Politics, God and Religion vs. Science

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Jan

Mountain climber
Okinawa, Japan
Jul 15, 2013 - 10:45pm PT
Fructose, what's happened to this thread is a good illustration of how you should be careful about what you wish for. If you disdain the moderates as you are so fond of doing, then what you end up with are the far ends of the spectrum. The true ferment of ideas occurs in the middle among people who still have open minds. The fringe will never do anything but repeat what they already know. When that gets boring, they resort to personal insults. You got what you wished for.
MikeL

climber
SANTA CLARA, CA
Jul 15, 2013 - 10:59pm PT
Very wise, Jan.

Namaste.
BLUEBLOCR

Social climber
joshua tree
Jul 15, 2013 - 11:24pm PT
Namaste
It's sure good to hear ya'lls loving logical voices!
Ive missed ur spanse of ideas..

I hope your body is healing well Mikel, I was a bit worried
BLUEBLOCR

Social climber
joshua tree
Jul 16, 2013 - 02:10am PT
Fructose wrote, Then deleted.

" (a) more Werner posts bashing science and referring to stupid whitecoats. "

Even if werners seems a bit crude, you can tell it doesn't come from a hateful heart.


"(b) more paranormalist discourse from the woo-woo set (because the last 12 months or more were insufficient)?"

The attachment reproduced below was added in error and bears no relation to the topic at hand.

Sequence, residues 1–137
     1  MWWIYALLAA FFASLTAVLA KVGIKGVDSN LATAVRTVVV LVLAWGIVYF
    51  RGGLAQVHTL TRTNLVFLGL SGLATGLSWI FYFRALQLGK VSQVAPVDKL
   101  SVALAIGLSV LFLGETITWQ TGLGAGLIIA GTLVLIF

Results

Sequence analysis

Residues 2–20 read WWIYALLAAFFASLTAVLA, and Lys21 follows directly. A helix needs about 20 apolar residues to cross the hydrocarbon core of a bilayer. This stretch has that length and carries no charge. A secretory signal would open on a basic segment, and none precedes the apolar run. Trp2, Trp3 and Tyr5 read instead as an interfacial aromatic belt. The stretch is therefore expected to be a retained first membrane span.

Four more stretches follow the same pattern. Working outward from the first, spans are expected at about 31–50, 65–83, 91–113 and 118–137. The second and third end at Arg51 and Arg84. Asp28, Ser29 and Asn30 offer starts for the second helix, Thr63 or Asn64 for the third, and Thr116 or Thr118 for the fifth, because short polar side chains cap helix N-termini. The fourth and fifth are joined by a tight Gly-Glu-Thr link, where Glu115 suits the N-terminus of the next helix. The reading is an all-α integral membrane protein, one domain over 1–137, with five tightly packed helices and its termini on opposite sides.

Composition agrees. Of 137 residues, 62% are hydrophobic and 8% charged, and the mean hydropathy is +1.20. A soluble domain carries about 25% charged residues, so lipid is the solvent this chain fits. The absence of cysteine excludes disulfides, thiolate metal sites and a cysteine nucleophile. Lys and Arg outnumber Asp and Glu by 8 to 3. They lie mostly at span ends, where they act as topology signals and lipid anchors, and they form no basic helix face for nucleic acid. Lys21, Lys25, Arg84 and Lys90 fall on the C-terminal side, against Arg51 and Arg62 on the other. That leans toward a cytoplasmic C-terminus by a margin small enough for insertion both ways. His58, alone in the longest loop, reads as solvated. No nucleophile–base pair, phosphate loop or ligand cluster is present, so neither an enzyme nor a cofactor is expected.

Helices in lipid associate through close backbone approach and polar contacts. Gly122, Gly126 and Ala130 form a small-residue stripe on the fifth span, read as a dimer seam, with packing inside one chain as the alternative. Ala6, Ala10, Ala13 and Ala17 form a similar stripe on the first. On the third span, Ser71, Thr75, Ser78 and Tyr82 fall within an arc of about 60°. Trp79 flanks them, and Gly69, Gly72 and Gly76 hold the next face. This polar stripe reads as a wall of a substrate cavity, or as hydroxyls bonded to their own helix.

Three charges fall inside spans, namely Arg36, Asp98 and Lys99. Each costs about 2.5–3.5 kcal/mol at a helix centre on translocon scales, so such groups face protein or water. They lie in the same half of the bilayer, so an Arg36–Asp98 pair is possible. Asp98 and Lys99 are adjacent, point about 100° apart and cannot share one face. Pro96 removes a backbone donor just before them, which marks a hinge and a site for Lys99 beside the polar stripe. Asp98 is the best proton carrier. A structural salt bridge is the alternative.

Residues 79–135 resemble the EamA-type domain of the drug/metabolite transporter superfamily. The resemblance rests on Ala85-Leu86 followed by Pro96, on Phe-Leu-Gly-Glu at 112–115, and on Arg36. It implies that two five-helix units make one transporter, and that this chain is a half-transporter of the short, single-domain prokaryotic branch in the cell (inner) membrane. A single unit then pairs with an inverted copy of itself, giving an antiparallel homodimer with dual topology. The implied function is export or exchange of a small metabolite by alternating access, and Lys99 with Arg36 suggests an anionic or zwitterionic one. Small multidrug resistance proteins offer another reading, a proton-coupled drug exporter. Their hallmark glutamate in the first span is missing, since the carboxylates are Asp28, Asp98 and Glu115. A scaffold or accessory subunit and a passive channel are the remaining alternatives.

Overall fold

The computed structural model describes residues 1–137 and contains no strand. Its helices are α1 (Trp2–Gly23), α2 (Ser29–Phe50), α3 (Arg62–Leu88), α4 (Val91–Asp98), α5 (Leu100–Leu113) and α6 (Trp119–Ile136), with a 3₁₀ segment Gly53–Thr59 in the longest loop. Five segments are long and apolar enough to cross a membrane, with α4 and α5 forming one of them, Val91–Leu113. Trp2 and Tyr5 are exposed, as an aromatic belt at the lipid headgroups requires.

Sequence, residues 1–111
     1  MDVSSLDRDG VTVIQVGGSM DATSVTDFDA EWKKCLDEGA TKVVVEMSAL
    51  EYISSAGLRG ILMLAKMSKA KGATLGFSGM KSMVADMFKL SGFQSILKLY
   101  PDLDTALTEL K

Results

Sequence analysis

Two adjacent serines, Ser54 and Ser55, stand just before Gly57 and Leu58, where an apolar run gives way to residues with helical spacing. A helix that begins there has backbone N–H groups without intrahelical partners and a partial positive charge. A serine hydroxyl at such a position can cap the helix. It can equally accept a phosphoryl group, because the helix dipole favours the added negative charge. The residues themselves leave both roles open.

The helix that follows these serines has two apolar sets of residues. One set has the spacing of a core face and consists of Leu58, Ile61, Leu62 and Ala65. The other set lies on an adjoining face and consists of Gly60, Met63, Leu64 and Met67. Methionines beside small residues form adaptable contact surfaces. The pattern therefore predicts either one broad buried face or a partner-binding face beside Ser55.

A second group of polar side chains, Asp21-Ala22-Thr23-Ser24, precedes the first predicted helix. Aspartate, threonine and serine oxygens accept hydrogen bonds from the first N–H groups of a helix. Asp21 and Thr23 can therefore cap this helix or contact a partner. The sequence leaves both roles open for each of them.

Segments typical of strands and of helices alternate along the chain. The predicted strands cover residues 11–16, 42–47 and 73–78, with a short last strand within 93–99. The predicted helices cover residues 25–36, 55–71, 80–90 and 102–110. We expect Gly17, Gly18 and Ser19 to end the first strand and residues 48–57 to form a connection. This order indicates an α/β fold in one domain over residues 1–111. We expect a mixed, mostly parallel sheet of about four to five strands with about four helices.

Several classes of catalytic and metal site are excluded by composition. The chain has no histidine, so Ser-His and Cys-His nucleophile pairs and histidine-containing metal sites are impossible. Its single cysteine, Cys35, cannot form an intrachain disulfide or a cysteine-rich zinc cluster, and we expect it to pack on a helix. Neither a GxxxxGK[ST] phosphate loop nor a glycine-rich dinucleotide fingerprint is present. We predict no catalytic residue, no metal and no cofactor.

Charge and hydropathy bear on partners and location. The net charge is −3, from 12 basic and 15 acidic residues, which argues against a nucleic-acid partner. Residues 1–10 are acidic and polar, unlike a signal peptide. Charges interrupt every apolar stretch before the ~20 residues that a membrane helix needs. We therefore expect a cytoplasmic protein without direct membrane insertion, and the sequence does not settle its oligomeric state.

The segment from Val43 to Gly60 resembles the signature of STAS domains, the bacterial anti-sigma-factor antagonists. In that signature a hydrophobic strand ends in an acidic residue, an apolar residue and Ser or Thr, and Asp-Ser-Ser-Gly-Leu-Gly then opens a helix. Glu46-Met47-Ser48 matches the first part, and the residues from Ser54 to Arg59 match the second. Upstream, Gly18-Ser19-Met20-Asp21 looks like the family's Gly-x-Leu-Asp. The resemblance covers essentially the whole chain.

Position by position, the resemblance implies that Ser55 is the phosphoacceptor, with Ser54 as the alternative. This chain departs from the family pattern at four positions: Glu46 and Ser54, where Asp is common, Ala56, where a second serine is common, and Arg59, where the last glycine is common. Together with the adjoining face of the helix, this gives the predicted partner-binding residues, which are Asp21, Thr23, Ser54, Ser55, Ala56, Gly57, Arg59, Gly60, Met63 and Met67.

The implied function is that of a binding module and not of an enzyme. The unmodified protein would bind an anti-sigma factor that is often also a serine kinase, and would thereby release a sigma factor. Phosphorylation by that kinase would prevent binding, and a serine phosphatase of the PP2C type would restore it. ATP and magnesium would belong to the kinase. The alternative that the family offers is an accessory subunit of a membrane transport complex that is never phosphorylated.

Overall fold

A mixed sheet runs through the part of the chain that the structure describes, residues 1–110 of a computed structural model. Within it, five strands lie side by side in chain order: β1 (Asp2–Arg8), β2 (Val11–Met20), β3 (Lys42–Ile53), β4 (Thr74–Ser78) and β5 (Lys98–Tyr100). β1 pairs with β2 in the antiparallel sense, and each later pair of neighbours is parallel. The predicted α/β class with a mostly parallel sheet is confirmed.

I think everyone's input has been very beneficial in understanding my own.



"(c) more Dr. F. "science"? "

He might not be as open but atleast he's inquisitive. Besides he started the thread.


Do you think I wish for... what? o wise one?

LOL!

Urs just seem disrespectful. Even to the Ladies. If I spoke to my grandma like that
she would flick my nose!
Dingus Milktoast

Gym climber
And every fool knows, a dog needs a home, and...
Jul 16, 2013 - 07:14am PT
In the new order the Priest of science will send you off to the reeducation camps for a little Matrix reloading, Jan.
Dingus Milktoast

Gym climber
And every fool knows, a dog needs a home, and...
Jul 16, 2013 - 08:21am PT
Gonna clone a mammoth to prove there is no god but Science.

Oh yeah.

We gots to CLONE those Woolley boogers!

I mean if that doesn't convince these fence sitters what will?
Dr. F.

Boulder climber
SoCal
Topic Author's Reply - Jul 16, 2013 - 11:34am PT
This is both Political and Religious, but I thought it would get read by more folks in this thread.


Southern Fried Christian Sharia
On July 4, 2013, in Column, by Tina Dupuy .
http://www.tinadupuy.com/column/southern-fried-christian-sharia/

North Carolina state legislators introduced what was described as an anti-Sharia law bill this week. The concern was a religion would trump our laws—threaten our constitution. This religion, they fear, would dictate our rights and punish dissent. It would blur the lines between church and state! Women would be subjugated! This is such a threat North Carolina lawmakers must act posthaste!

Then with absolutely zero appreciation for irony, the state senate amended the bill to quickly and somewhat secretly restrict access to legal and constitutionally-protected abortion.

Why? Their religious convictions.

Nice tactic: Scare people with the specter of Islamic totalitarianism and then pass a bill that would make Pakistan pause.

I see what you did there.

Religion is the sand you throw in someone’s face before you rob them. Disorient the target to reach your goal faster.

Christianity has been used to justify everything from the crusades, sectarian wars and inquisitions, to witch burnings, cross burnings and Christian rock. The idea that it would be a better basis for a free country isn’t supported by history.